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Jean-Nicolas Démeunier (March 15, 1751 – February 2, 1814) was a French author and politician.

He was Royal Censor and secretary to "Monsieur", the Comte de Provence (Louis XVIII), who was the brother of King Louis XVI.

Démeunier was a deputy for the Paris "tiers état" at the Estates-General of 1789 preceding the French Revolution. He was elected "administrateur de la ville de Paris" in 1791. He resigned from this post in 1792 and sought refuge in the United States until the end of the Reign of Terror, when he returned to France.

He was a member of the Tribunat, from its creation, and he became its president in 1800.

In 1802 he became senator and one of the loyal executors of Napoleon Bonaparte's politics, under both the Consulat and the First French Empire, a service for which he was created a "Comte d'Empire".

Les Neuf Sœurs

As a member of the Masonic Lodge Les Neuf Sœurs, Démeunier was particularly active in the management of the newly-created Lycée of which "Monsieur", the Comte de Provence, was the principal Maecenas. This Lycée was created by combining the Musée de Paris with the Musée Scientifique—both had been created by the Société Appolonienne, the origin of which lay with Court de Gébelin who had been the Lodge's secretary in 1779 and was also a Royal Censor. The aim of these institutions was to provide good-quality education to the general public. After the return of Louis XVIII to Paris, the Lycée remained active under the name "Athenée Royal", until 1848.

Jean-Nicolas Démeunier may also be considered one of the key figures in the organisation of support for the American cause, by the Lodge. For example, his

"L'Amérique indépendante, ou les différents constitutions de treize provinces qui se sont érigées en républiques, sous le nom d'Etats-Unis de l'Amérique. Avec un précis de l'histoire de chaque province, et des remarques sur les constitutions, la population, les finances et l'état dans lequel les province se trouvent actuellement" (Par Démeunier avocat et censeur royal, auteur de la partie économie politique d'Encyclopédie methodique. A Gand, chez P.F.Goessin, Imprimeur-Librairie, Rue Hauteporte. 1790)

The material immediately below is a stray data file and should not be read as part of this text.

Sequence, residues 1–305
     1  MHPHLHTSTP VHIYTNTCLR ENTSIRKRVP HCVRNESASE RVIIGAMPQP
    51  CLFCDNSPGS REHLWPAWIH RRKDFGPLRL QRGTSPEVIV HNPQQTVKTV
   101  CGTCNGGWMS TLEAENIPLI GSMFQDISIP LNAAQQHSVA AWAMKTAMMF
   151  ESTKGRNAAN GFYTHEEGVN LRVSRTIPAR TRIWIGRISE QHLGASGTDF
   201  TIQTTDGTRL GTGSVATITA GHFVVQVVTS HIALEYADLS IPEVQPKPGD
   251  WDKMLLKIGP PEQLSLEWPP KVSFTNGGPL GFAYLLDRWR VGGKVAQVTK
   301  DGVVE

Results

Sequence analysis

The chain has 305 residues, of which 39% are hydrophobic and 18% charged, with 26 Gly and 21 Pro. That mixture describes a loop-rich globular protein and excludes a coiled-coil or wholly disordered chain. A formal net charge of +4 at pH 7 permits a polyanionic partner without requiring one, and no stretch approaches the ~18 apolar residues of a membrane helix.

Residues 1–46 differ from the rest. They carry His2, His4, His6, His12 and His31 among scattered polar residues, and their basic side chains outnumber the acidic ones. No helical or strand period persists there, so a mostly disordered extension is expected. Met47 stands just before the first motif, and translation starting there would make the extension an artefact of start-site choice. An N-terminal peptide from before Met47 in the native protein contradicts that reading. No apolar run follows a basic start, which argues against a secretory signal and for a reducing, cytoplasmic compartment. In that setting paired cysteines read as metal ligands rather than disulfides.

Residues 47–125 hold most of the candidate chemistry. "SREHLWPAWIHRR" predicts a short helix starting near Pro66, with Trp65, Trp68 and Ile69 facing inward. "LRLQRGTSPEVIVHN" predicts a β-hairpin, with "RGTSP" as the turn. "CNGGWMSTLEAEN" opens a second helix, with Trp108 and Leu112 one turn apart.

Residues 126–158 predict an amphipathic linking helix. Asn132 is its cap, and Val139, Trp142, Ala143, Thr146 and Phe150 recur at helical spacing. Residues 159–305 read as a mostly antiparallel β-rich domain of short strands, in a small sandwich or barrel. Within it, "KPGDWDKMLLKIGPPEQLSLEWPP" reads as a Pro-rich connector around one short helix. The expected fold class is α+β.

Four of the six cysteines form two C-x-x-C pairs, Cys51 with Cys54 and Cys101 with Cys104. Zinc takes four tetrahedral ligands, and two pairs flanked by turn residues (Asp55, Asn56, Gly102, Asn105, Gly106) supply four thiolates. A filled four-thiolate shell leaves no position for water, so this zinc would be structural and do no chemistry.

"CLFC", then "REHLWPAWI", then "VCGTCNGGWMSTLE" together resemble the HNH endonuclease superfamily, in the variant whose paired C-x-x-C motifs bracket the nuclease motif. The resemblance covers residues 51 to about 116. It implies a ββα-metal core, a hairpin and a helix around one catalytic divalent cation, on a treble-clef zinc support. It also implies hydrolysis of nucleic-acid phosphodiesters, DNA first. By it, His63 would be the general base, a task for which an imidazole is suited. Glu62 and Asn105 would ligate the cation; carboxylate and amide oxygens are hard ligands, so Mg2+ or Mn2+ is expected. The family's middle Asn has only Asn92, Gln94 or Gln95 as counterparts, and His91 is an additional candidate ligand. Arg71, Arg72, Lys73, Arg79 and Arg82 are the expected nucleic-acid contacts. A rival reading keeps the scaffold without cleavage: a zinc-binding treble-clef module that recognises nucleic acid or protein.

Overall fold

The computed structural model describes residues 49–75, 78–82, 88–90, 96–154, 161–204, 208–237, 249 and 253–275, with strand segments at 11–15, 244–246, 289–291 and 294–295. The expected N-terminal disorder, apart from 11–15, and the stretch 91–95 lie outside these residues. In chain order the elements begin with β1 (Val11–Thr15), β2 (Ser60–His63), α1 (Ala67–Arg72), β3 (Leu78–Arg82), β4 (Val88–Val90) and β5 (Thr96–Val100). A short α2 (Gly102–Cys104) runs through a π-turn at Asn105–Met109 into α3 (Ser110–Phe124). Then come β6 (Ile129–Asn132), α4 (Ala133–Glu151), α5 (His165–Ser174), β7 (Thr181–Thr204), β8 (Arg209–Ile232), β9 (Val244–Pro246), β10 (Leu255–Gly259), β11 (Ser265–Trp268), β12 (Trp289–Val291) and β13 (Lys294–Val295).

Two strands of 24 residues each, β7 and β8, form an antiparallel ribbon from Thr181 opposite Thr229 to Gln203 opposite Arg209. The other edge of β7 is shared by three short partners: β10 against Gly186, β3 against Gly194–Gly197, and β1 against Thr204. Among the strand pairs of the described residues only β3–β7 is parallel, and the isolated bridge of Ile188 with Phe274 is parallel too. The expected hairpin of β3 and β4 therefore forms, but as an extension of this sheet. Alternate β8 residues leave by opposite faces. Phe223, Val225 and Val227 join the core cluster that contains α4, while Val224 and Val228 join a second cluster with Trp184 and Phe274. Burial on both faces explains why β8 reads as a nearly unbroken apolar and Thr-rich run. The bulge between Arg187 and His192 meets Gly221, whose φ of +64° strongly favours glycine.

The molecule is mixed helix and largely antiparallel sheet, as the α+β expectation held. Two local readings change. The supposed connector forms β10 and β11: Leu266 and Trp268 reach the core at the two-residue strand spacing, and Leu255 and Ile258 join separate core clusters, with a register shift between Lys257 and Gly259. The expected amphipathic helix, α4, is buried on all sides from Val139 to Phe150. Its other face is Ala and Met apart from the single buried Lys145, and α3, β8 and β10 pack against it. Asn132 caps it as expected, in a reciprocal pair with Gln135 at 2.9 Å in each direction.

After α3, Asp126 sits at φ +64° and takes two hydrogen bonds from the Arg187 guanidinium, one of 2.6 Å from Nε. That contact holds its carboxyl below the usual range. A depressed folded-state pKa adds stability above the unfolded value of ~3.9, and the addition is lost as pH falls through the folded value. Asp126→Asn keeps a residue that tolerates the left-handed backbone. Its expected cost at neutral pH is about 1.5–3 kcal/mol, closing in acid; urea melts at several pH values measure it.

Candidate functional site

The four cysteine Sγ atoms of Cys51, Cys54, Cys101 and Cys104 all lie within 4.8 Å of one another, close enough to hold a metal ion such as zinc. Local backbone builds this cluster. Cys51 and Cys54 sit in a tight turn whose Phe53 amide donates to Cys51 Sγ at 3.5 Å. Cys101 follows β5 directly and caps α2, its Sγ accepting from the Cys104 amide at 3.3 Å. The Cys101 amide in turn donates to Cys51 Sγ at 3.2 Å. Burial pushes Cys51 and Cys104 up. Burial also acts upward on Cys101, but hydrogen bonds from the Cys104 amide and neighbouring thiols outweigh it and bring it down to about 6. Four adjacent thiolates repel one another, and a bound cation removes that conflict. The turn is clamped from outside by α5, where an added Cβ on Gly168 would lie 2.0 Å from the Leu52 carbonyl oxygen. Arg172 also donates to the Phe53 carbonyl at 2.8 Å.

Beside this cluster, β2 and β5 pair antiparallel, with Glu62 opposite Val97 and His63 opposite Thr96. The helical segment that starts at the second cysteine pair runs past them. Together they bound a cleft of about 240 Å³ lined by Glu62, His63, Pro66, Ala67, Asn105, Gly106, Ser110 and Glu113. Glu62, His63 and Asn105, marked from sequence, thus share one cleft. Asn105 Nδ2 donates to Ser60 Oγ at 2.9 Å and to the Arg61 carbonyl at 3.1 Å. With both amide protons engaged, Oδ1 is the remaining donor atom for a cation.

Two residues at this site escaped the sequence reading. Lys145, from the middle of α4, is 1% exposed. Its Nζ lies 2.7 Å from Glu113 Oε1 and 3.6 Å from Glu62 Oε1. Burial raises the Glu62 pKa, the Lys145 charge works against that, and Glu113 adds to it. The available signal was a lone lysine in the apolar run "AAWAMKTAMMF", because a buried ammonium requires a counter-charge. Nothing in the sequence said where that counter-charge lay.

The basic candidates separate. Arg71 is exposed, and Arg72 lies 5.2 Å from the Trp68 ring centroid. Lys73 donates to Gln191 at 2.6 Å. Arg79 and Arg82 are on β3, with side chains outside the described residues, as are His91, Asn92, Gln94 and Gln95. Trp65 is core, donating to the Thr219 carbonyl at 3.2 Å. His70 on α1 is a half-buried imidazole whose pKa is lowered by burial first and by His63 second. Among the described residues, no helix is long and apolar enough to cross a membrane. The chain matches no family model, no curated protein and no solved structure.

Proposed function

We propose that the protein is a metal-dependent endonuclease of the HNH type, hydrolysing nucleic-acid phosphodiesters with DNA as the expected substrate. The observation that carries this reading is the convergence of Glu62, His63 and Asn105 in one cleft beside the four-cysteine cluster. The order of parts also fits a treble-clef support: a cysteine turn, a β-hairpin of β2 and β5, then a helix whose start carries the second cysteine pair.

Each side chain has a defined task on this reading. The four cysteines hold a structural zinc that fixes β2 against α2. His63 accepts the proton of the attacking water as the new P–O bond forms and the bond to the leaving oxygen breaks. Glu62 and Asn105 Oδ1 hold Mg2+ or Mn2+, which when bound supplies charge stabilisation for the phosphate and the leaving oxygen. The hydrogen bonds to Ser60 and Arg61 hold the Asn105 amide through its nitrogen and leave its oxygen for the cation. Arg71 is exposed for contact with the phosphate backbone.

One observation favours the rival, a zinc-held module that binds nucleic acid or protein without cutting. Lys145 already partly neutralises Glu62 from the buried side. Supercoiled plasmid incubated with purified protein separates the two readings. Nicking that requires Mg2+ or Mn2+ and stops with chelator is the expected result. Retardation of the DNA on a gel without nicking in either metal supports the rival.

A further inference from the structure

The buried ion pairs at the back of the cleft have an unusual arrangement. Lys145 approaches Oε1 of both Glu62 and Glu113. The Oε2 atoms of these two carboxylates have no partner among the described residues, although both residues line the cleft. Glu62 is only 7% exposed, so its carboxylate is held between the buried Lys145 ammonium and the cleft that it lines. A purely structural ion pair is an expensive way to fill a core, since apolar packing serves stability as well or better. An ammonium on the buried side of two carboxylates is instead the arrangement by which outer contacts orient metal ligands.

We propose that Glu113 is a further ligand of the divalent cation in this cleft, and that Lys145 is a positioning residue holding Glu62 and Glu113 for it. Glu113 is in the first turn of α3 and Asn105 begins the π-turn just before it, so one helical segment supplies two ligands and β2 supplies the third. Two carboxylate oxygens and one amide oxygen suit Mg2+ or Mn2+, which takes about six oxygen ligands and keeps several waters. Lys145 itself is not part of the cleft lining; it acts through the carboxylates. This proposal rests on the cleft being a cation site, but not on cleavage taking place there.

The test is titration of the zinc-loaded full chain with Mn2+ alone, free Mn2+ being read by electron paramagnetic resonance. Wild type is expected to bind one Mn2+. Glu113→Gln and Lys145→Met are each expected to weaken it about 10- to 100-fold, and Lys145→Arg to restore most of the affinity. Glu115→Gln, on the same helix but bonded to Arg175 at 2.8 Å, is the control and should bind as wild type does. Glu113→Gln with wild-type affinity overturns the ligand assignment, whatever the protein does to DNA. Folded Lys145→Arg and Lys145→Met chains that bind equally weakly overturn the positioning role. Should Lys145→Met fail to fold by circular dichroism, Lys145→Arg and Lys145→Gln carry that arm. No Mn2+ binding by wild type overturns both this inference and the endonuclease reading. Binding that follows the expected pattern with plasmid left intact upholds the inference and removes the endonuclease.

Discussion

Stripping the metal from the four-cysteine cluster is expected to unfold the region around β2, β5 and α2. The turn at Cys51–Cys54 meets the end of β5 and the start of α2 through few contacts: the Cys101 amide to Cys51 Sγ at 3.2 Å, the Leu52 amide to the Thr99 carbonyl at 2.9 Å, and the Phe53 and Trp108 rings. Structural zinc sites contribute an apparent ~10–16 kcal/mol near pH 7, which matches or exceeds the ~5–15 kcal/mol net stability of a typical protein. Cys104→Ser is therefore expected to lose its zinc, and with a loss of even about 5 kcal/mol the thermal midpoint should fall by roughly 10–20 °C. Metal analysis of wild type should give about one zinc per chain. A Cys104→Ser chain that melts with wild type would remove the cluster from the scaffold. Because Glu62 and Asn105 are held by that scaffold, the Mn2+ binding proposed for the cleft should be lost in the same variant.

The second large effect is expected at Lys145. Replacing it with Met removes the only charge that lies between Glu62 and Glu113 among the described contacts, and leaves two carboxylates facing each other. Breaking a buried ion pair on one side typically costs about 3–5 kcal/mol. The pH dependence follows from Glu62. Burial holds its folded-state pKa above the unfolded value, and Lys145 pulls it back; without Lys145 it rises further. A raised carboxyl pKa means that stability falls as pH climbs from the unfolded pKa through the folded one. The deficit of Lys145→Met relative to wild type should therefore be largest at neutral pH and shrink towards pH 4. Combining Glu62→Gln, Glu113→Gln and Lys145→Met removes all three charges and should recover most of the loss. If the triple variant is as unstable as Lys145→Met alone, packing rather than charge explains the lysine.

was to be of great influence on the democratic experiments in Belgium in the few years preceding the French Revolution. (For a detailed discussion of events and relevant sources see Gorman 1925, reference below.)

The real significance of "L'Amerique Indépendante..." lay in the fact that it was published as a separate volume of Démeunier's contributions to Charles Joseph Panckoucke's "Encyclopédie méthodique", which had been corrected and debated in correspondence with Thomas Jefferson.

Thomas Jefferson also was the source of "Précis historique de la révolution des Etats Unis d'Amérique, précédé de l'histoire de ses provinces, jusq'à l'époque de la révolution, et suivi du Manifeste ou de l'acte d'Indépendance des treize Etats-Unis", anonymously published in Ghent by Goessin in 1789.

References

  • Daniel Ligou ed., Dictionnaire de la franc-maçonnerie (Paris : Presses universitaires de France, 1987).
  • Roger C. Hahn, The anatomy of a scientific institution: The Paris Academy of Sciences, 1666-1803 (Berkeley : University of California Press, 1971).
  • Howard C. Rice Jr., Thomas Jefferson's Paris (Princeton : Princeton University Press, 1976).
  • Thomas Kiely Gorman, America and Belgium: a study of the influence of the United States upon the Belgian Revolution of 1789-1790 (London : T. F. Unwin, [1925]).

External links

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